Latest CBB News | Archives | About Us | Free Newsletter




Latest CBB News
2017 Runoff: Central Idaho’s Deadwood Summit gets 147 Inches Snow; Sees Five Times Above Normal
Posted on Friday, April 07, 2017 (PST)

Big pieces are in place for a robust water year in the Columbia Basin states, with above-to-well above average snowpacks that are beginning to ripen for runoff in the coming months.


Most notable have been snow accumulations in the central Idaho mountains that feed the Salmon and Upper Snake River basins.


“This year’s mountain snowpack just keeps getting better,” the Natural Resources Conservation Service states in an early March report for Idaho. February storms brought abundant precipitation in the state resulting in record or near-record snow water contents in central Idaho, and significantly, much of the most recent snow has accumulated at mid and high-revelation automated snow measuring (SNOTEL) sites.


“As of the beginning of March, 24 SNOTEL sites in Idaho and western Wyoming have snow depths over 100 inches,” the NRCS reports. “Deadwood Summit, elevation 6,890 feet in central Idaho is the highest with 147 inches of snow depth.”


At several sites, including Deadwood Summit, precipitation was nearly five times normal February amounts, the NRCS reported, adding that many low-elevation sites have lost their snowpack already, causing flooding problems. But the bulk of the snowpack remains.


“As a result, gates are open on many reservoirs to make room for when the mid-and high-elevation snow melts,” the NRCS report states.


The current water supply conditions have been taking shape for months. “Abundant October precipitation likely saturated soils across most of the state,” the Idaho NRCS stated. “Some soils are still frozen due to colder-than-normal temperatures, which may reduce soil moisture infiltration rates.


“It is interesting to note that after last month’s melt of valley snow, a fast response in streams followed a rain event,” the report continues. “This likely means soils are still saturated or frozen.”


And this may translate to an increased, prolonged runoff. Idaho’s water supply conditions at several mid-to high elevations appear to be as high or higher than they have been for early March in 2011, 1998, 1997, 1984 and 1983.


The Northwest River Forecast Center held its monthly briefing on Thursday, April 6, again highlighting the heavy snow conditions in Idaho and pointing out that the water supply forecast for all other parts of the Columbia Basin appears to be above normal, with similar cold and wet weather being the norm in recent months.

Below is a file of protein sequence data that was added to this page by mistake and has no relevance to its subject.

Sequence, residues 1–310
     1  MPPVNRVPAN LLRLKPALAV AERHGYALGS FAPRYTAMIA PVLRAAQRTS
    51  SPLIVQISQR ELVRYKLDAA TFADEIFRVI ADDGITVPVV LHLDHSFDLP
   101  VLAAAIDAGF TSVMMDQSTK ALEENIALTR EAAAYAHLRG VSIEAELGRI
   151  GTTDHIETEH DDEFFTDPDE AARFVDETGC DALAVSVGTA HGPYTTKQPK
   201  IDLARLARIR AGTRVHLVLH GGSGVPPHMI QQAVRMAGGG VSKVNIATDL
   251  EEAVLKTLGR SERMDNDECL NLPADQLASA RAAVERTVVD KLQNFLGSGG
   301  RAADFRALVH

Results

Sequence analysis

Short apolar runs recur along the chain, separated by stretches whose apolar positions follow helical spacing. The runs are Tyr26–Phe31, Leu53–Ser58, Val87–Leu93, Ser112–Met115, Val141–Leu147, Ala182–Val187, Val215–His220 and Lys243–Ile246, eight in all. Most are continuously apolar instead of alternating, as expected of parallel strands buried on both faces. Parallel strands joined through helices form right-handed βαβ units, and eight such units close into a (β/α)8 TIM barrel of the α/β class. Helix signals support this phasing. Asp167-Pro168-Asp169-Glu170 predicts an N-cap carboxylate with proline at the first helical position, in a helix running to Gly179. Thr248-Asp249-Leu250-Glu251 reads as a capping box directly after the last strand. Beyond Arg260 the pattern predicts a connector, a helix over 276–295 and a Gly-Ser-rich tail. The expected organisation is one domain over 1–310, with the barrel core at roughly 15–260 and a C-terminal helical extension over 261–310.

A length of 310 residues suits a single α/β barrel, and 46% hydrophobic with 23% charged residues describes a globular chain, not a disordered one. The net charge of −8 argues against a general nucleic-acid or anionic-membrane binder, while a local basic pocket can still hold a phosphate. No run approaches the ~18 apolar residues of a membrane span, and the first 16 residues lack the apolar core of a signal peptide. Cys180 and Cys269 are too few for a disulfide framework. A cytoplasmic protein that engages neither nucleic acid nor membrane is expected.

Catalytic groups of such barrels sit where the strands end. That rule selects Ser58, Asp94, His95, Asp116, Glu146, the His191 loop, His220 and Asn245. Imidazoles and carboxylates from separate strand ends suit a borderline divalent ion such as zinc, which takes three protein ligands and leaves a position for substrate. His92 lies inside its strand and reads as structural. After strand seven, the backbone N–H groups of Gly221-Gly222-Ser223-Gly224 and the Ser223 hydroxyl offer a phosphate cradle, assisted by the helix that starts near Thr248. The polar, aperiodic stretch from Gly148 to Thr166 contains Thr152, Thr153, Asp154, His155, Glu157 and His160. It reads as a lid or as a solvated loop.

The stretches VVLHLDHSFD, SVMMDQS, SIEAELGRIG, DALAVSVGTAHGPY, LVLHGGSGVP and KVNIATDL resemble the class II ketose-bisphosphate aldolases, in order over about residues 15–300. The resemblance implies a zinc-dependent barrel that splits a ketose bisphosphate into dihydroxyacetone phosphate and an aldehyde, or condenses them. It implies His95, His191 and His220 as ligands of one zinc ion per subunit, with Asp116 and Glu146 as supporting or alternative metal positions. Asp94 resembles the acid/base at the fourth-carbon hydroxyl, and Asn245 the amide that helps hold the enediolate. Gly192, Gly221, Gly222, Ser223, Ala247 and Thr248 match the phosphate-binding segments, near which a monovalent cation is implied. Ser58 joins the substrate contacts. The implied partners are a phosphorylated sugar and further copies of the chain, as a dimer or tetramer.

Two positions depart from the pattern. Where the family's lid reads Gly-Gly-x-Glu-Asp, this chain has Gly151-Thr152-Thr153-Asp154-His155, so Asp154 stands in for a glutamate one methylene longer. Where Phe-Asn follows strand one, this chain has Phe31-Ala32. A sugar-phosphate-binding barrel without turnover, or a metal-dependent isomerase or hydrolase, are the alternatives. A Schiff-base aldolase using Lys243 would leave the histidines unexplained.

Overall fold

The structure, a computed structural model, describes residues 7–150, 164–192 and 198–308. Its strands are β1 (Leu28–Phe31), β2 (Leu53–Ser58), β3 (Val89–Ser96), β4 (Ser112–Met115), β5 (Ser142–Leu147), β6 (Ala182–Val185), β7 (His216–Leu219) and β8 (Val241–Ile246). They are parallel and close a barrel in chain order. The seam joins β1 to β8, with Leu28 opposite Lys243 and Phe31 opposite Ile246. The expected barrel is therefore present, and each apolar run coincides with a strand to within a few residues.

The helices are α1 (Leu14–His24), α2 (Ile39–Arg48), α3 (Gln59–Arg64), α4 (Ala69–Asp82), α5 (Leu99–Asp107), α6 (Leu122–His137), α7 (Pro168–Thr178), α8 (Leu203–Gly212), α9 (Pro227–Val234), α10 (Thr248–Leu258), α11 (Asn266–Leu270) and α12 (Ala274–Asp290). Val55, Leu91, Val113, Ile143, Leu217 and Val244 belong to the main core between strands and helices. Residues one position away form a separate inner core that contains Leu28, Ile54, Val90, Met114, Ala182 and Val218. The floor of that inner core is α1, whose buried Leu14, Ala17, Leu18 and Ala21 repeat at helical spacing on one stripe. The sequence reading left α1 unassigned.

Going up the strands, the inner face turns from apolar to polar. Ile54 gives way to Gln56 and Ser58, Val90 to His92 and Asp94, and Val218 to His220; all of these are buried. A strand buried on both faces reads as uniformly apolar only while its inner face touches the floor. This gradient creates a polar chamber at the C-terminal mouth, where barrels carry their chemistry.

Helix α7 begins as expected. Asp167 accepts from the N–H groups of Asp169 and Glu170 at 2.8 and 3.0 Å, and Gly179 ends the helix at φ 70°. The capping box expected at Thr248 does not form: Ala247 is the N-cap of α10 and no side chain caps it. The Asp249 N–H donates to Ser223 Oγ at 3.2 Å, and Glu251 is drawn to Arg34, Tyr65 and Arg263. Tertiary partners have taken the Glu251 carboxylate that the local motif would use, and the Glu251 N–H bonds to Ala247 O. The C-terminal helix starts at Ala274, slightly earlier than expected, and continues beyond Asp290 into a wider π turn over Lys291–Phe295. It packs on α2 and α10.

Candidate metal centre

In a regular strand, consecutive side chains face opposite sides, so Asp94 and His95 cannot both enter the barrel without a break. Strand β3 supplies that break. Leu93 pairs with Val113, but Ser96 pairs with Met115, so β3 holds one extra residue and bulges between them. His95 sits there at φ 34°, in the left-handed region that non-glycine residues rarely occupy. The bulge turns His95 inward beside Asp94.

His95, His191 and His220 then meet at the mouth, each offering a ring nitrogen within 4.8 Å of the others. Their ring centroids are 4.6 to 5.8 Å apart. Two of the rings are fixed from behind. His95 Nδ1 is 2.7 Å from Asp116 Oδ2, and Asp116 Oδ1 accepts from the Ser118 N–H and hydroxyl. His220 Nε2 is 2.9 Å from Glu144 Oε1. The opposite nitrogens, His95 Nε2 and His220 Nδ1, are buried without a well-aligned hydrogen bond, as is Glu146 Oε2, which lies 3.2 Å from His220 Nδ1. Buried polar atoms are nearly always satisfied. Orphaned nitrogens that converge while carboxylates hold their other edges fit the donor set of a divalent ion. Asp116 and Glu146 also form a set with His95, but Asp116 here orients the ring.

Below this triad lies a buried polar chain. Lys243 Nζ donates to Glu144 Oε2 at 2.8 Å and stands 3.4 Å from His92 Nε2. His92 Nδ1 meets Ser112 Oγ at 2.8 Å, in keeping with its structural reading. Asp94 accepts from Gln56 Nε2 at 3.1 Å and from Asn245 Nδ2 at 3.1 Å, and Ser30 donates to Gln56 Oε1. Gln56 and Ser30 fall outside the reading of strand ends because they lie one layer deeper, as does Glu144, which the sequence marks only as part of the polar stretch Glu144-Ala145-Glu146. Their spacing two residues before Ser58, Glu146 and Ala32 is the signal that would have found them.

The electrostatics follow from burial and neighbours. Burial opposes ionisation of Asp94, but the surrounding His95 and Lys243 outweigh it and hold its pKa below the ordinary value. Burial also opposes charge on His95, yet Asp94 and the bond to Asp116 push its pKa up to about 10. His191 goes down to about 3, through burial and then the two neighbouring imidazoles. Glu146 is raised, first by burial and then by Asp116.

Forecaster Kevin Berghoff noted that the upper elevation snowpack appears to be much heavier than it was last year. Last year, however, an unseasonably warm April rapidly diminished what was considered to be a healthy snowpack.


Berghoff said snow at lower elevations has been melting across the basin, and it has caused a “substantial flooding issue through much of Idaho.”


The Idaho Statesman has been reporting on flooding at locations along the Boise River, mostly "parks, fields, roads and other riverside open areas.” Emergency response personnel have been taking actions to counter current high water and they are preparing for worse flooding later this spring when Idaho’s mountain snowpack melts out.


The Statesman reports that managers don’t believe there is enough space in reservoirs upstream from Boise to manage the runoff; the river’s reservoir system was already 67 percent full this week.


Water supply conditions are looking good, despite the first snow melting at lower elevations at sites on the Cascade Mountains, and at lower elevation sites in northern Washington, Idaho and Montana.


“Some of these snowpacks are getting increasingly ripe,” Berghoff said, signaling the annual runoff is getting underway.


The outlook is for a robust streamflow from April through September, mainly due to cold and wet weather that has persisted throughout March.


For that five-month period, the water supply forecast is 107 percent of average at Mica Dam on the Columbia River in British Columbia; 117 percent at Libby Dam on the Kootenai River; 117 percent on the South Fork Flathead River, Hungry Horse Dam; 114 percent on the Spokane River; 114 percent on the Columbia River, Grand Coulee Dam; 141 percent on the Snake River at Jackson Lake; 168 percent on the Snake River, Palisades Dam; 202 percent on the Snake River, American Falls Dam; 140 percent on the Snake River, Lower Granite Dam.


The April through September water supply at seven Washington sites on the Cascades are at 102 percent to 116 percent of average; and at 12 Oregon sites on the Cascades, the five-month streamflow forecast ranges from 94 to 134 percent of average.

Bookmark and Share


The Columbia Basin Bulletin, Bend, Oregon. For information or comments call 541-312-8860.
Bend Oregon Website Design by Bend Oregon Website Design by Smart SolutionsProduced by Intermountain Communications  |  Site Map